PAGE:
Rivers that form the Chao Phraya watershed have partly dried out as more than 40 provinces faces severe drought and water shortage. Photos by Thanarak Khoonton.
Parts of Ping River that run through Tak province have completely dried out and have become new picnic spots for the locals. Other activities include football and volleyball.
Sukhothai province is facing the worst drought in 20 years. Parts of Mae Yom River in Sri Sam Rong district has dried out.
A part of Yom River which passes through tambon Rang Nok in Sam Ngam district of Phichit province has gone dry.
Water has dried out in a part of Yom River running through Sukhothai province. Sukhothai is facing the most severe drought in the past 20 years.
The water level in the Bhumibol Dam continues to decrease. Several rivers along the Chao Praya basin have dried out in some areas. Several communities living on the river banks are struggling with severe draught.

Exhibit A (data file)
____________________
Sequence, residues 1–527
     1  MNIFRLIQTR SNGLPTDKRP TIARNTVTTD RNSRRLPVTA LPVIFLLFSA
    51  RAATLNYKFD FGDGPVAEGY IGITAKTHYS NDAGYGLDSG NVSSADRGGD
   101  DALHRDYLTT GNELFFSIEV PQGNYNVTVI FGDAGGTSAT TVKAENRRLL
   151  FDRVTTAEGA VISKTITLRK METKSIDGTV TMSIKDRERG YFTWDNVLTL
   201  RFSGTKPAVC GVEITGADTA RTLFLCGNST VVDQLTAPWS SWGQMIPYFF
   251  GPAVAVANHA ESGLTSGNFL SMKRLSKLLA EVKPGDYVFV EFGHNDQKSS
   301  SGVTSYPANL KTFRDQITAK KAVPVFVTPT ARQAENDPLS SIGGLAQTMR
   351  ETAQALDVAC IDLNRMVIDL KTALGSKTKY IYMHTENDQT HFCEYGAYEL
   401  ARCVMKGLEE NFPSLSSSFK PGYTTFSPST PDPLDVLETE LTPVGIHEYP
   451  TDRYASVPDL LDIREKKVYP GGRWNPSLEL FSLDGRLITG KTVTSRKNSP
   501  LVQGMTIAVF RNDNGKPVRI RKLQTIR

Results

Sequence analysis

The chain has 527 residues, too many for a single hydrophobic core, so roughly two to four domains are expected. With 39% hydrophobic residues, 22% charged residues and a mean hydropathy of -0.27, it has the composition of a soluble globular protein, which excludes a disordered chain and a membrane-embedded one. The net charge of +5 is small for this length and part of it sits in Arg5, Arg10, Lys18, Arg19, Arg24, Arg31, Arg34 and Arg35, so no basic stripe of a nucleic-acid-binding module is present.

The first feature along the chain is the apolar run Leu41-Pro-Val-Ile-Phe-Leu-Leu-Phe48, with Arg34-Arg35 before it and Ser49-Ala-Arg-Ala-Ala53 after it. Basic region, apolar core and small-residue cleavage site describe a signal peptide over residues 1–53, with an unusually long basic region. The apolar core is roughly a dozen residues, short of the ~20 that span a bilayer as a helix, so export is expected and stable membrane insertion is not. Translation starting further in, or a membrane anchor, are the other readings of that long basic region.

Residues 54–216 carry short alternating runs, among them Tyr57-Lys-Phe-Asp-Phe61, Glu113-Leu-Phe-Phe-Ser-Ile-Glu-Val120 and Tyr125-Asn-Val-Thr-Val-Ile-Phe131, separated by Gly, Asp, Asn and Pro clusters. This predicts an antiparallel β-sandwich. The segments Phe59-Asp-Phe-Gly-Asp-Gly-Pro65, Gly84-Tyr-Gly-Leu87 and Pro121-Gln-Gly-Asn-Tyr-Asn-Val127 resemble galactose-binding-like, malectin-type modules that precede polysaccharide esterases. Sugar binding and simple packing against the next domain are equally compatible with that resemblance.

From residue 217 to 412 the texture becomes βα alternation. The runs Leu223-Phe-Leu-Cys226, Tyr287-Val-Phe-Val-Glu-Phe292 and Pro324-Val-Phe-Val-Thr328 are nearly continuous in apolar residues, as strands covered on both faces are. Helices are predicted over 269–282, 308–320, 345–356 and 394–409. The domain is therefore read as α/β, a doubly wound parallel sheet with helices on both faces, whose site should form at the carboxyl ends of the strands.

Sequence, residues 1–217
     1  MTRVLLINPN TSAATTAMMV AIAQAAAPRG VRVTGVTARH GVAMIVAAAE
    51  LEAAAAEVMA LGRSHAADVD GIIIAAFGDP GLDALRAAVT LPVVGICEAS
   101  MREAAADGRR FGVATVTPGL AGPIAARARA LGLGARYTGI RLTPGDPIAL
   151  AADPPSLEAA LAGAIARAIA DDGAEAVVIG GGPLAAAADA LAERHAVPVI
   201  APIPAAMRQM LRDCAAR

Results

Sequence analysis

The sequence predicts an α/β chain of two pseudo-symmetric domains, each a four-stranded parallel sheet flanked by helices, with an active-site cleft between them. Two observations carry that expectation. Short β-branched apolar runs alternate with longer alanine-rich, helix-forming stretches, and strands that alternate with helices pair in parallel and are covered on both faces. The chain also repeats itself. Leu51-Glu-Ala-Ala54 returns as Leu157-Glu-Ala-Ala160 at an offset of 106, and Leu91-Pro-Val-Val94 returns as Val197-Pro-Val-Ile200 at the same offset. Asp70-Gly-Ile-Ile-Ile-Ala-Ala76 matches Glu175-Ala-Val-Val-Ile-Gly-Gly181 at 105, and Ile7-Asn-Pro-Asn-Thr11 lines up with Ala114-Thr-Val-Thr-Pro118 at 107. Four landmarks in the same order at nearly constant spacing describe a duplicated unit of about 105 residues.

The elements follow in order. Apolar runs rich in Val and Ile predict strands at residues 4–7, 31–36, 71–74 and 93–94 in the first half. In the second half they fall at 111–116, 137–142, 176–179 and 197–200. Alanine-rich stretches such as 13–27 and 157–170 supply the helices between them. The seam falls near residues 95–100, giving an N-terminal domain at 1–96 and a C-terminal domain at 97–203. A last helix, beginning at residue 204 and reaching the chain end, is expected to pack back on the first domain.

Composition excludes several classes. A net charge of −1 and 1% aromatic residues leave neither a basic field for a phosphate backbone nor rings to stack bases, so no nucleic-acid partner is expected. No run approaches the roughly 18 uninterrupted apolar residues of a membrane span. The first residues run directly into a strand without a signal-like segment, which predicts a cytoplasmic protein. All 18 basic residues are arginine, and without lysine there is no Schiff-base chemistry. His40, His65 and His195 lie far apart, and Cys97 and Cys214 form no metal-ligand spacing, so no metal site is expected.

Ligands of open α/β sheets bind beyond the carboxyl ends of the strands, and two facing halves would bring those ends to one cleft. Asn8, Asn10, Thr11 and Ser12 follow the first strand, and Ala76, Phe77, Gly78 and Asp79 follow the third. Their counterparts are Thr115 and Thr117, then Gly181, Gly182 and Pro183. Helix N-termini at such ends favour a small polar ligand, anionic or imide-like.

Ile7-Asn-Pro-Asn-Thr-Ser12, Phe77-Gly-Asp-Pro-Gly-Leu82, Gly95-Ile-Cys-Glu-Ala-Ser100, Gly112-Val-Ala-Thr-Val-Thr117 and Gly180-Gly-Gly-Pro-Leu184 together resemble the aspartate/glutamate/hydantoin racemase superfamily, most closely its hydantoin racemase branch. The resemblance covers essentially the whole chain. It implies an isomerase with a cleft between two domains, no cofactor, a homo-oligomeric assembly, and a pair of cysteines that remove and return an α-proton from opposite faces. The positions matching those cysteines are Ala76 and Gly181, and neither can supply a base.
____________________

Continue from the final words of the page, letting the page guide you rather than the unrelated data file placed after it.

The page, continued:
According to the Irrigation Department, the Bhumibol Dam currently holds only 5,499 metric tonnes of water, or 40.85% of its capacity.
Portions of Ping, Wang and Yom rivers have dried out after water levels in Bhumibol Dam dropped rapidly. Riverside communities in several provinces are struggling from severe draught.
A group of locals enjoy a game of volleyball on the waterbed of the dried out Ping River in Tak province.
The course of Ping River that runs through Tak province has almost dried out completely.
Parts of Yom River have dried out as Phichit province faces severe drought.
Ping River in Tak province has gone completely dry.